As a result of our new control over TV we can watch it less and we watch it constructively.

Our family decided it was time to stop talking about television’s potential for harm and do something about it. We considered: (1) Selling or destroying our set; but children of families who try that watch at someone else’s house, and control is thus one step farther from the parent. (2) Being selective about what we watch; but on prime-time evening hours often this only gives you a choice between various suggestive, violent, and sexually explicit shows. (3) Doing family things together; but often it’s too wintery to go on a family outing or we aren’t always in the mood to play a family game or read books together, especially when our three-year-old is active.

We looked for a workable alternative that would let our preteens feel privileged, not punished. For us the answer is a video cassette recorder (VCR). We play what we judge the very best programs. Add an occasional rented videotape, and a birthday party or slumber party becomes special. It costs less ($4.00) to rent a top movie like Superman than it does to buy the refreshments when we go to a theater.

With our children’s cooperation, we choose what moral impressions we will allow the tube to put out. If our three-year-old sleeps through “Sesame Street” or “Mr. Rogers,” we put on a tape of either and he is happy. Our family enjoys religious drama, but we aren’t awake in the wee morning hours when Emmy-Award-winning This Is the Life is broadcast in our area. The timer on our VCR turns the unit on, records the show, and we replay it at our convenience.

Saturday morning cartoons, often called TV’s most violent hours, once kept our children entranced. Now they usually give way to a replay of Sound of Music, “Little House on the Prairie,” “Star Trek,” or “Those Amazing Animals.”

Conflicts between homework and TV have ceased. If something worthwhile is on, the children gladly do their home work, because we tape the show for replay Friday night or Saturday morning.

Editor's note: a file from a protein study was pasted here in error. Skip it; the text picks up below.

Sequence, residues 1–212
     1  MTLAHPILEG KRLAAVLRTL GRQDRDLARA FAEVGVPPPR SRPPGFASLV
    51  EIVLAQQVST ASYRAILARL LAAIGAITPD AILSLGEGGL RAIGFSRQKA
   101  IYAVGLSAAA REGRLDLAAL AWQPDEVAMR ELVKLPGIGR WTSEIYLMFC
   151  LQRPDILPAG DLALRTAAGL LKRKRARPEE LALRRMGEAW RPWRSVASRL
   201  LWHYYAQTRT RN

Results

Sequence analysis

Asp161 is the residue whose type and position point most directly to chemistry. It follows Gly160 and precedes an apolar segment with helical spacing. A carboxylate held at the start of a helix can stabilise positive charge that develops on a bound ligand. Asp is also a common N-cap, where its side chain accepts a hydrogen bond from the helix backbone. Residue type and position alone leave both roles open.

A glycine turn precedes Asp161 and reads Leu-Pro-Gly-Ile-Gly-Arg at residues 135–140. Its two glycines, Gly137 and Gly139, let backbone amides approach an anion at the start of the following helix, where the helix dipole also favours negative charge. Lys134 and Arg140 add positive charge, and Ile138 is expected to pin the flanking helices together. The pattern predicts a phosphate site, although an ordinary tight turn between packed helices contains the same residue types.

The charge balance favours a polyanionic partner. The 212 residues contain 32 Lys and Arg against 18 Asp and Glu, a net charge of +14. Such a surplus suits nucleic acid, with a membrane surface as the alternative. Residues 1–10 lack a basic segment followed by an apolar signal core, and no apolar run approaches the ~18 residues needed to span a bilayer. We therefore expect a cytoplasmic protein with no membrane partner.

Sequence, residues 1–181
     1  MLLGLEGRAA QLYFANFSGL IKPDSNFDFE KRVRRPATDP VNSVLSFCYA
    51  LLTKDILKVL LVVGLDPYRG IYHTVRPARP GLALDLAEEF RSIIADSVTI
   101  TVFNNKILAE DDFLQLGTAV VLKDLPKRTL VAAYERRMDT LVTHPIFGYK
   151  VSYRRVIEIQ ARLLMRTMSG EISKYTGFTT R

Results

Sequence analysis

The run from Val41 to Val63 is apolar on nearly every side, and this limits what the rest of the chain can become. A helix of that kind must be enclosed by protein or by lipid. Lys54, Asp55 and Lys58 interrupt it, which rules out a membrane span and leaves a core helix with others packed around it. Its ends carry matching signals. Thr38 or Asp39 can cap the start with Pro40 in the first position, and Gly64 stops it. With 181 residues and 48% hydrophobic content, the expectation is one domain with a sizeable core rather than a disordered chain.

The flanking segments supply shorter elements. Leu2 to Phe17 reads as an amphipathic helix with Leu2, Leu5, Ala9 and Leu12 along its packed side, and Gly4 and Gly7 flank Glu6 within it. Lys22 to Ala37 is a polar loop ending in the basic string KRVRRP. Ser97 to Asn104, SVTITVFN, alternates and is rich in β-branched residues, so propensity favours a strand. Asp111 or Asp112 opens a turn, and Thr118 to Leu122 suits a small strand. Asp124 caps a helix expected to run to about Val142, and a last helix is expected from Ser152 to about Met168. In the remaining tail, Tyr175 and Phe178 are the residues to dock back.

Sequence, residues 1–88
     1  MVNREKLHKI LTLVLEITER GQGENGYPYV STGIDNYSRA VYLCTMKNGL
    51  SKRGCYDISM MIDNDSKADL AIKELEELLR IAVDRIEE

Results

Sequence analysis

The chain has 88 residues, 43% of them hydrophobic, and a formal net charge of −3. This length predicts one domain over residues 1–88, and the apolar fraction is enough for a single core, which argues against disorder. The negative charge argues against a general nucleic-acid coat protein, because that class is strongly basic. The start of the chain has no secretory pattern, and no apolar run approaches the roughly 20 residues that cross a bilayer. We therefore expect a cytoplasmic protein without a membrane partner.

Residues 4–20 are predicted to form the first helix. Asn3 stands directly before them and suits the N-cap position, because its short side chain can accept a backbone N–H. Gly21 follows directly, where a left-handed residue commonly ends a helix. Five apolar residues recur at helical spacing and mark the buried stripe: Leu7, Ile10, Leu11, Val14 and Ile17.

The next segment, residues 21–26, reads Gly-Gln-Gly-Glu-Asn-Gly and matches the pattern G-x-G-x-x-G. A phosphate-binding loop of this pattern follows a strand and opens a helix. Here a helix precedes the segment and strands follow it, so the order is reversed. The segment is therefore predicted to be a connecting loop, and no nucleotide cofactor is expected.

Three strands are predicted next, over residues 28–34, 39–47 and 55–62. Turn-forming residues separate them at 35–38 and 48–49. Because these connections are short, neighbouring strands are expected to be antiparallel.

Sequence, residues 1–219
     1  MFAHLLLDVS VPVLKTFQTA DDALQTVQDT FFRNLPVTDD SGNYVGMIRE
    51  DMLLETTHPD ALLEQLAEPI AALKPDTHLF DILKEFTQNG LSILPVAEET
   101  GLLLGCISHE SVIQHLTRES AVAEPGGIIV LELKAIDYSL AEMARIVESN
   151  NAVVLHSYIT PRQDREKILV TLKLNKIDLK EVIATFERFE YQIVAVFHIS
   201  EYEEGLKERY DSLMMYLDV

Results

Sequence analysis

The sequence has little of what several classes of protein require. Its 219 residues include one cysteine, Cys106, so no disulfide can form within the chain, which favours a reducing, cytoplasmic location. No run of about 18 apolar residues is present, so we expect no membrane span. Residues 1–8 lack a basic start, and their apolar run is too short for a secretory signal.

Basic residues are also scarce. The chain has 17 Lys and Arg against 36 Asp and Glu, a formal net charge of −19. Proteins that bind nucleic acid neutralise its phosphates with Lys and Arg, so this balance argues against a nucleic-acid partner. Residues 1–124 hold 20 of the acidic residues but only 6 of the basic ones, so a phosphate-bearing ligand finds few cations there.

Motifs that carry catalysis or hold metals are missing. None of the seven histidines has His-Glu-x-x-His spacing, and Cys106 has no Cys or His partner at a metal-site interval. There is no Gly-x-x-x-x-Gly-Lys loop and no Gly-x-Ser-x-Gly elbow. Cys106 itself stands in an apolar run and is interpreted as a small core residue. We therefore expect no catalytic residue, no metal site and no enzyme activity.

Taping costs are not unreasonable. We record six hours of material on a $15 videotape. We paid $850 for a fully portable A.C./battery-operated, 11-pound VCR. Used standard table-top models go for $350 and up. As a result of our new control over TV, we watch it less and we watch it constructively.

Our church has also discovered a new ministry with television. We tape our services for replay in nursing homes and hospitals; we do the video recording with a camera stationed in the balcony. We experimented with various cameras until we found one that gives us good color reproduction, but does not require floodlights, and is slightly larger than a home movie camera.

Most of the recording is done by teen-agers and young adults, who enjoy having this dimension of spiritual ministry. Other volunteers take the video recorder to nursing homes, introduce the service, and visit briefly. People appreciate not only watching the service, but also the personal conversations afterwards. In hospitals, videotapes are broadcast on closed-circuit TV systems.

Of course, this TV ministry does not replace pastoral visits. We have found the TV services give an unusual midweek opportunity for worship. In addition to the worship services, we are planning to tape adult Bible study and membership classes.

DENNIS TEGTMEIERMr. Tegtmeier is pastor of First Lutheran Church, Papillion, Nebraska.

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